Syrian refugee in Turkey loses his home again


Southern Europe

Mark Wallet, RD

Photo AFP, Ozan Kose

A small Protestant community in the Turkish city of Gaziantep is doing its share in helping the earthquake victims.

Six tents and a few vans stand in Akyol Square in the earthquake-hit city of Gaziantep. At least 100 people live here—five families in one tent and four in another. "There are 20 of us sleeping here," Omar points out, standing next to his tent. "Ten adults and ten children."

He makes an inviting gesture. Inside are children and women, one of them with a four-month-old baby. It is not the only baby to spend days and nights in this little square. In a white van, an equally old boy sleeps on the bench, wrapped in thick blankets. His father sits next to him at the wheel. In the back of the van, people sleep at night.

Omar's home is a 15-minute walk from Akyol Square, but he cannot go back. "There is a danger of collapse," he clarifies. On police orders, the entrance to the apartment building has been cordoned off. It is the condition of many older apartment buildings in Gaziantep.


It is cold this Friday afternoon. In the middle of the square, Abdelhamid and several of his family members warm themselves by a fire as best they can. Abdelhamid points to one of the women. "She has lost her husband," he says. Then he pulls in his nephew Abdullah. "He has lost his mother and a brother." The man says he has no hope in the future, turns around, and walks away crying.

Originally, Abdelhamid was from Palmyra, Syria. It is the country of origin of almost everyone who has found shelter in this little square. During the Syrian civil war, thousands of Syrians crossed the border into Turkey, hoping to find safety there. Syrians in Gaziantep live mostly in the older apartment buildings, which suffered the most from the earthquake.

The small evangelical Protestant community at Aykol Square is also mainly made up of Syrians. The church came into being when they settled here about ten years ago. According to elder Walat, it is also the only Protestant community in Gaziantep, where a few Turks have since joined.

Rescuers sit by a bonfire in Hatay. Photo AFP, Yasin Akgul

The small community -on Sundays, there are usually about 20 Syrian and Kurdish churchgoers- cares, among other things, about the displaced people who have settled on its doorstep. There are large bags of bread and items such as blankets and clothes on the church premises. The congregation receives help from sister churches from Istanbul and elsewhere.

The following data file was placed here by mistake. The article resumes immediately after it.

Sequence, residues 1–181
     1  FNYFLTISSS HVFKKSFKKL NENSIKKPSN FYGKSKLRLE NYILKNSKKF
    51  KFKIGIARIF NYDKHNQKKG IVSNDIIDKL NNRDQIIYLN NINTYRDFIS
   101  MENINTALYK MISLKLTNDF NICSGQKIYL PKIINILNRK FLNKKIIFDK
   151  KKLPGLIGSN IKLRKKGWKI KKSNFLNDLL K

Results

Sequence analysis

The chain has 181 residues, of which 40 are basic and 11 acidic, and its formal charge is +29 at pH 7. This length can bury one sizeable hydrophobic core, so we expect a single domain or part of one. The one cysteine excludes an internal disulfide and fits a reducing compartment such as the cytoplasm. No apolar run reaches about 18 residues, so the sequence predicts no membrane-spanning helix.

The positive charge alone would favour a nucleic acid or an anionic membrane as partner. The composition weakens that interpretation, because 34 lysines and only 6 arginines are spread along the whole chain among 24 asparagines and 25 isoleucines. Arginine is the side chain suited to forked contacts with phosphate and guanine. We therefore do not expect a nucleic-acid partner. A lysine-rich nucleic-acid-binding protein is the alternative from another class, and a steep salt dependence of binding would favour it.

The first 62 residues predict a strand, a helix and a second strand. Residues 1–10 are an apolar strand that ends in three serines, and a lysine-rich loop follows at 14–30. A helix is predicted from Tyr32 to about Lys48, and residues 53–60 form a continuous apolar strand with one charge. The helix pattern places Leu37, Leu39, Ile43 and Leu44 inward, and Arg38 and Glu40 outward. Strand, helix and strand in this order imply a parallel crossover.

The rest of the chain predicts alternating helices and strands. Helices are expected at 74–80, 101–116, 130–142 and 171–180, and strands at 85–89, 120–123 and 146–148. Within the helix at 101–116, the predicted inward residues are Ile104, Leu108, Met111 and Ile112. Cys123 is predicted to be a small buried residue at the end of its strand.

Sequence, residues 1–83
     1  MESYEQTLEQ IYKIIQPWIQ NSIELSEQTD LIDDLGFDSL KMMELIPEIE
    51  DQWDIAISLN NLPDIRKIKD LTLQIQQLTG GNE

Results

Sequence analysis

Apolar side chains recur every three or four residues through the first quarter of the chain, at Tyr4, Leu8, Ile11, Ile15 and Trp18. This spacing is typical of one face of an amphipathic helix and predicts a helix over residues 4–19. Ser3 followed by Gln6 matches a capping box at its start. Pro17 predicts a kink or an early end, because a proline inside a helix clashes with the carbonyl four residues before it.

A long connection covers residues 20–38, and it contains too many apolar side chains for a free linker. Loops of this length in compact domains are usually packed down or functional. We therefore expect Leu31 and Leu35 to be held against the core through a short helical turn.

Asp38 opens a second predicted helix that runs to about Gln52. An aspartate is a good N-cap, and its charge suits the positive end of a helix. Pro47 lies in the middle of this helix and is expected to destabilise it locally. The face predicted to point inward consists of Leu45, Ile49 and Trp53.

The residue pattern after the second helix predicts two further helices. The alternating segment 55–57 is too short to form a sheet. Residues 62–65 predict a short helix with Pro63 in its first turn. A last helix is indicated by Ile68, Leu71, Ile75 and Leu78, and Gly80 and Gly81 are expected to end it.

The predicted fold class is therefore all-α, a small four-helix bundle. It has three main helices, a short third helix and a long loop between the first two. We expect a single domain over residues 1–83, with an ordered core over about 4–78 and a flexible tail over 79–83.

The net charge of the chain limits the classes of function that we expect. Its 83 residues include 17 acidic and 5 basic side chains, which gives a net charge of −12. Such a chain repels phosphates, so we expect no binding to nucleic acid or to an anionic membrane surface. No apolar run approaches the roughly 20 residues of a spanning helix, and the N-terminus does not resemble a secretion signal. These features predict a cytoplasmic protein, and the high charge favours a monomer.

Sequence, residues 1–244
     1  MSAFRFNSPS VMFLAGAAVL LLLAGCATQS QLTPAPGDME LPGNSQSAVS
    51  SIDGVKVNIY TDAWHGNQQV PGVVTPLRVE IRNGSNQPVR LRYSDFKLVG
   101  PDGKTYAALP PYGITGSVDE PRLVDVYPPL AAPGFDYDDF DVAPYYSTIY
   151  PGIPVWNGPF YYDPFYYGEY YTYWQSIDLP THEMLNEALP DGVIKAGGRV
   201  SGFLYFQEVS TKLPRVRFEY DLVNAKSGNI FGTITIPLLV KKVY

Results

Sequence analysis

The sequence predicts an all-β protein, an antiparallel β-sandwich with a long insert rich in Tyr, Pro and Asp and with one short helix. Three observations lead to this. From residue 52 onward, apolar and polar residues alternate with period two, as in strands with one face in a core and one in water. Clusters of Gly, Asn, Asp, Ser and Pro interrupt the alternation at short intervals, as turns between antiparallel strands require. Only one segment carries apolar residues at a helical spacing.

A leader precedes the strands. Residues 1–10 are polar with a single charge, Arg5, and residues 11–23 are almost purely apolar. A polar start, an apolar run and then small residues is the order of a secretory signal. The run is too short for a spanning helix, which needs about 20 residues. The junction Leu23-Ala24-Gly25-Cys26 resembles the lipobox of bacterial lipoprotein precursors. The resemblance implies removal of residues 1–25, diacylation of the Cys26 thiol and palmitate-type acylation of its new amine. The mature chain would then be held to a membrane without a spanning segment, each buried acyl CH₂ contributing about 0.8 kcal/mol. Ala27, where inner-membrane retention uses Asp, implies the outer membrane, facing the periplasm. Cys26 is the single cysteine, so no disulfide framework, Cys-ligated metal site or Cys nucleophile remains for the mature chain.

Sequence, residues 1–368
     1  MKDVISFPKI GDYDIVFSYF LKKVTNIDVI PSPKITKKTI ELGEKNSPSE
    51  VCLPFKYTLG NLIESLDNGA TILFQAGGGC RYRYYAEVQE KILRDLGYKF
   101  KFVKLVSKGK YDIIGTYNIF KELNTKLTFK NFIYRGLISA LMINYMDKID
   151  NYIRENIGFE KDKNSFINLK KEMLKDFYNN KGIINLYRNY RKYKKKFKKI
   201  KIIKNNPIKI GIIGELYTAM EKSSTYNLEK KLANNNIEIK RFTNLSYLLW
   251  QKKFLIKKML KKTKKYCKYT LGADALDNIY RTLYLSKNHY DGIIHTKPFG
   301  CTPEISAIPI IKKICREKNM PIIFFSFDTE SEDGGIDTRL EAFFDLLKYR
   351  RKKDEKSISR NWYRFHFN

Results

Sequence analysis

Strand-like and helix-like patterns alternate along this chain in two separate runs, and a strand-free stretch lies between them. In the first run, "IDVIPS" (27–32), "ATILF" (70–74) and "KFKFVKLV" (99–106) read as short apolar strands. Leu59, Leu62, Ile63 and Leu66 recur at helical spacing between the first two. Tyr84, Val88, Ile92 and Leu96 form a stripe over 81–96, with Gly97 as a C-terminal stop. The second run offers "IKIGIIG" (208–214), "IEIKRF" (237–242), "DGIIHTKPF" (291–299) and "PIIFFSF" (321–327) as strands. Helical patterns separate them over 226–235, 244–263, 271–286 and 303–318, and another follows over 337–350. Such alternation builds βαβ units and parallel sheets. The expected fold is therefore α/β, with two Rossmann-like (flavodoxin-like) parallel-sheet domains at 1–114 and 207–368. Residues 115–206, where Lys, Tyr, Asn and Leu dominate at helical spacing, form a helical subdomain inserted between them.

The members of the Protestant church all survived the disaster. "Thank God," says Walat. However, the homes of many were damaged, leaving some displaced. The church helped them get to Istanbul.

House of worship

Walat was on the church premises during the earthquake. It remained undamaged. "It is a house of worship, of course," he laughs. At 4:10 am, Sunday to Monday night, he woke up to the first earthquake. "I heard the sound of breaking glass and things crashing everywhere," he said. A second shock followed a short time later. At that, Walat went outside, where many local residents were.

There was snow, and to make matters worse, it started raining. "You have to imagine we were all walking outside in our nightclothes. It was cold, wet and slippery, and on top of that, there was debris here and there."

Since Walat eventually got too cold, he went back inside around 10.30 in the morning anyway. The second major earthquake followed in the afternoon. "After that, nobody dared to be inside. That night, people slept in tents, in their cars or just under the bare sky."

The destroyed Greek Orthodox Church of the historic southern city of Antakya. Photo AFP, Yasin Akgul

Especially for the Syrian refugees, the disaster hits hard, notes Walat, himself from Syria. "They were already struggling before the earthquake, mostly without jobs and living in mediocre conditions. Now they are left completely empty-handed."

The terror is quite present throughout Gaziantep, he notices. "Especially the second earthquake on Monday instilled fear. It made it clear that there could be strong aftershocks. Many people are traumatised, especially the children."

An added difficulty is that the city's water supply is cut off for most of the day. "Sometimes it works for half an hour, but most of the time, there is no water. We hope that this will change soon."

This article was translated by CNE.news and previously published in Dutch daily [Reformatorisch Dagblad on February 13th, 2023.



Subscribe for an update, and receive a documentary and e-book for free.

Choose your subscriptions*

You may subscribe to multiple lists.